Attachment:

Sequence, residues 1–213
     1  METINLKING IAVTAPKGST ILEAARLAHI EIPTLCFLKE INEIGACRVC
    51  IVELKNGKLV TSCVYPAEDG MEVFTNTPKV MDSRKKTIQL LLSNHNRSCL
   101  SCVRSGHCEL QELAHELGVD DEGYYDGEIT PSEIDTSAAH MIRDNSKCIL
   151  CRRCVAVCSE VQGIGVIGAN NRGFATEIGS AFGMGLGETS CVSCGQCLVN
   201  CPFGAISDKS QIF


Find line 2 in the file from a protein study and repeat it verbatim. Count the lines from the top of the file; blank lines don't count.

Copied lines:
     1  METINLKING IAVTAPKGST ILEAARLAHI EIPTLCFLKE INEIGACRVC